Cause: File permissions on configuration file weren't too strict.
Consequence: Every user can read many configuration files of cron.
Fix: File permissions were changed.
Result: Only root can read the configuration files.
Description of problem:
The DISA STIG calls out for cron config files to be 0600 or more restrictive:
Currently there are files that have 0644 permissions. We need to align the permissions to match the STIG so there is less to lockdown out of the box.
I can't be responsible for scripts in cron directories /etc/crond.*, because there are created by other applications or users. They are executable on purpose in some cases.
Also please note -p option, which is used for crontabs in /var/spool/cron directory. Crontabs there should be according to your policy.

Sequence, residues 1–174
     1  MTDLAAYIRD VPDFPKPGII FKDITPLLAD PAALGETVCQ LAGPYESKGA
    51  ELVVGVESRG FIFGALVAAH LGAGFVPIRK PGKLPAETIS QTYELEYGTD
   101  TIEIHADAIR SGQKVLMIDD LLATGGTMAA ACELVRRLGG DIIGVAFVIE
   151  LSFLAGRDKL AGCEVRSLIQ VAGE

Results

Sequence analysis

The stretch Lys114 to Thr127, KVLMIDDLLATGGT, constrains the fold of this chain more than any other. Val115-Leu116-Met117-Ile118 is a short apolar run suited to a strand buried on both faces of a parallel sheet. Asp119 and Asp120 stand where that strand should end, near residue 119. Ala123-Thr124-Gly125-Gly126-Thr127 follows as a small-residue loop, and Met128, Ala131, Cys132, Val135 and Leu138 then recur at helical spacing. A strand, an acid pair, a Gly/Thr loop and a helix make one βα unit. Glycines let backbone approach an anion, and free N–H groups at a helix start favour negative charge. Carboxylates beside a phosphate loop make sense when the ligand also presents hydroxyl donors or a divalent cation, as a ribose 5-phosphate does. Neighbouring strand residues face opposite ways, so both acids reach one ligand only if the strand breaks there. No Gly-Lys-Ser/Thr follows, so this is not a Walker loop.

crontab files have to be regular files or symlinks to regular files, they must not be executable or writable for anyone else but the owner. This requirement can be overridden by using the -p option on the crond command line. If inotify support is in use, changes in the symlinked crontabs are not automatically noticed by the cron daemon.
Config files can be changed to 600 if they have higher permission.
There is a script here that can be used for testing:
Since the problem described in this bug report should be
resolved in a recent advisory, it has been closed with a
resolution of ERRATA.
For information on the advisory, and where to find the updated
files, follow the link below.
If the solution does not work for you, open a new bug report.